In this lesson, students are introduced to the Preamble to the Constitution. They examine the significance, wording and the fundamental purposes that establish the framework for the Constitution. Students begin to discuss, who the people in “We the People” were in the context of our nation’s past as well as who they are in the present. Students will also begin to discuss what those words mean to them as young people of the United States. Students will view a short clip from We the People Film that will begin the lesson and their inquiry into the Preamble. Compelling questions for this lesson include:
What do the words in the Preamble mean?
What is the purpose of the Preamble?
What is the importance of “We the People,” the first three words of the Constitution of the United States and how has the meaning of the phrase changed over time?
Historical and Contextual Background
Teachers note: Many students may not have formally studied the history of early America prior to the writing of the Constitution. This lesson is designed to introduce students to civic education through the words, “We the People” and to help students to understand the language of our founding documents. Through the lesson and the film clip from, We the People, students will enhance their understanding of what these three words mean historically. Students will begin to make a personal connection to our nation’s history and its documents.
After years of struggle for independence from Great Britain, the men who would later be known as the Founding Fathers gathered in Philadelphia in 1787 to form a government that would not only strengthen the new nation but unify it. Realizing that the country needed a stronger government than the one that had been established following the Revolutionary War, the founding fathers carefully considered what that government should stand for and then wrote the words that became the Constitution of the United States. This document of democracy, along with the Bill of Rights has guided our nation’s government and people ever since.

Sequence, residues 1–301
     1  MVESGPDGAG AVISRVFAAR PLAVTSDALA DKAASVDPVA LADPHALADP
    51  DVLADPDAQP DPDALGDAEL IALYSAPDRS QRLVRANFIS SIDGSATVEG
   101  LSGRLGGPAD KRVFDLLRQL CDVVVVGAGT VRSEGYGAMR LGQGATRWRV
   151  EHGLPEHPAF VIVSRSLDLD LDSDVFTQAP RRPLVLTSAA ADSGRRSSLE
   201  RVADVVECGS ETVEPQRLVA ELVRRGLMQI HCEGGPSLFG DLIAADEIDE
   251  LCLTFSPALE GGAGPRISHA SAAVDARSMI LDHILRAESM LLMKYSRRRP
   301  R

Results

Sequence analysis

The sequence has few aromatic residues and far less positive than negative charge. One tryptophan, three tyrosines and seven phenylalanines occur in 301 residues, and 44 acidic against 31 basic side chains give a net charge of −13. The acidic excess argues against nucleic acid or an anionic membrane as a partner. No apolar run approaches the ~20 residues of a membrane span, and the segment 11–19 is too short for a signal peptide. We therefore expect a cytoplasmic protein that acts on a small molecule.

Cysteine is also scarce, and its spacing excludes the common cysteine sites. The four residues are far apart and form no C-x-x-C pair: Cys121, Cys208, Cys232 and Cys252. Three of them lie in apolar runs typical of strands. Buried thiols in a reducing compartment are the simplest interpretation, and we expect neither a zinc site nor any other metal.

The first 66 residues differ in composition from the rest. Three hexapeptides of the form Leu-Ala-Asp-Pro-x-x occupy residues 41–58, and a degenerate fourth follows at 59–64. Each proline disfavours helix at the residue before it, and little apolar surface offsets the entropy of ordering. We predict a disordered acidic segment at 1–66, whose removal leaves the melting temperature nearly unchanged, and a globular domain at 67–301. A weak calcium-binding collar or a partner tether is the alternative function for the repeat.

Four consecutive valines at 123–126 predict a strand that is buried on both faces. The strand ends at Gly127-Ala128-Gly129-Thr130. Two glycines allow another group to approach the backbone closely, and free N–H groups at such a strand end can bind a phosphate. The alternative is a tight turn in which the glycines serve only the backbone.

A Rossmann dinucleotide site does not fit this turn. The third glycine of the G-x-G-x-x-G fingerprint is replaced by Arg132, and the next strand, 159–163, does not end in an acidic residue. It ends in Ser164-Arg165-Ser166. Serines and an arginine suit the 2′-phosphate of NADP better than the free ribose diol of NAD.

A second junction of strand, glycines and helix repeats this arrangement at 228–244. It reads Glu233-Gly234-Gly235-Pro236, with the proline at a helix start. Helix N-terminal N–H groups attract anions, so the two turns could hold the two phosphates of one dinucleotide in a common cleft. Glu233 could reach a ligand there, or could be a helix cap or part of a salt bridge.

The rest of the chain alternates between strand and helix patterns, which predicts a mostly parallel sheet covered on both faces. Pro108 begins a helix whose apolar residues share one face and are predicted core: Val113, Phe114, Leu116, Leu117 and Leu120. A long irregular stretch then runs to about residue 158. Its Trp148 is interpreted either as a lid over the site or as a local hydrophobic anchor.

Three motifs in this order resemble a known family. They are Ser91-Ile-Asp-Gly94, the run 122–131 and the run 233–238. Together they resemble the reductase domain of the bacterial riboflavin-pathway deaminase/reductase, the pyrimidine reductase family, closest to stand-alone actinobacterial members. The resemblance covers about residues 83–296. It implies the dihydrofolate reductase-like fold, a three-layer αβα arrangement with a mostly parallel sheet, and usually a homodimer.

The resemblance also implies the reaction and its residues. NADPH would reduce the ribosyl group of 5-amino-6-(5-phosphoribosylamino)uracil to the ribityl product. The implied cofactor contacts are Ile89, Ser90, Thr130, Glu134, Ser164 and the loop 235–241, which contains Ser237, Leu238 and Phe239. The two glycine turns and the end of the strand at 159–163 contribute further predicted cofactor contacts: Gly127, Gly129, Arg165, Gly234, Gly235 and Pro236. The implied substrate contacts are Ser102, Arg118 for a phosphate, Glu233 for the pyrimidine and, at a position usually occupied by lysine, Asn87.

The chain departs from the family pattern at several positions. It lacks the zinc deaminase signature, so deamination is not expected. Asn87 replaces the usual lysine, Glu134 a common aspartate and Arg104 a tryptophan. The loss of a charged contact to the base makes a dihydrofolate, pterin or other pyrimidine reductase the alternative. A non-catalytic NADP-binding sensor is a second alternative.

Introducing the Preamble
Framing the Film
The film segment will serve as the anticipatory set or “hook” to the rest of the lesson. Prepare students to view the clip, We the People Film. Framing the film will activate students’ background knowledge and also provide a framework for future discussion.
This segment lays the foundation for the lesson on the Preamble and discussion on the significance of the three words “We the People” and provides a platform for future lessons.
After viewing, pose the following question:
Continue the lesson by explaining to students:
Optional: Provide students with an underlined copy of the Preamble.
Defining and Understanding the Goals of Government
Continue by dividing students into six working groups. Each group should have a copy of the Preamble to the Constitution and a Preamble phrase card. The purpose of this portion of the lesson is to focus on the six main goals of the Constitution as stated in the Preamble and reword them into everyday language:
Inform students that, in addition to presenting their “everyday language translations” of a goal of government, they will be making a case to the rest of the class as to why they feel their Preamble phrase is the most important phrase included in the Preamble. Each group will record on their phrase card why they feel their phrase is the most important.
For instance, “ensure domestic tranquility” might be translated to, “make sure there is peace at home in our country.” Students will then record reasons why this is important.
Additionally, students may draw pictures that illustrate the phrase and provide a visual representation of their learning by including symbols of peace, a drawing of the country, houses. The pictures should be meaningful to the students and they will present their translations, reasons and pictures to the whole group.
Conclusion: Why “We the People”
Ask students to reflect on the following question:
Have students write an essay or create a visual on what the words “We the People” mean to them as individuals.
Have students write an essay or create a visual representation from their point of view on what the purposes of government are.
Have student create a skit that represents the six purposes of government as stated in the Preamble.
Have students either individually or in groups, write a Preamble for their classroom or school that begins with the writing prompts: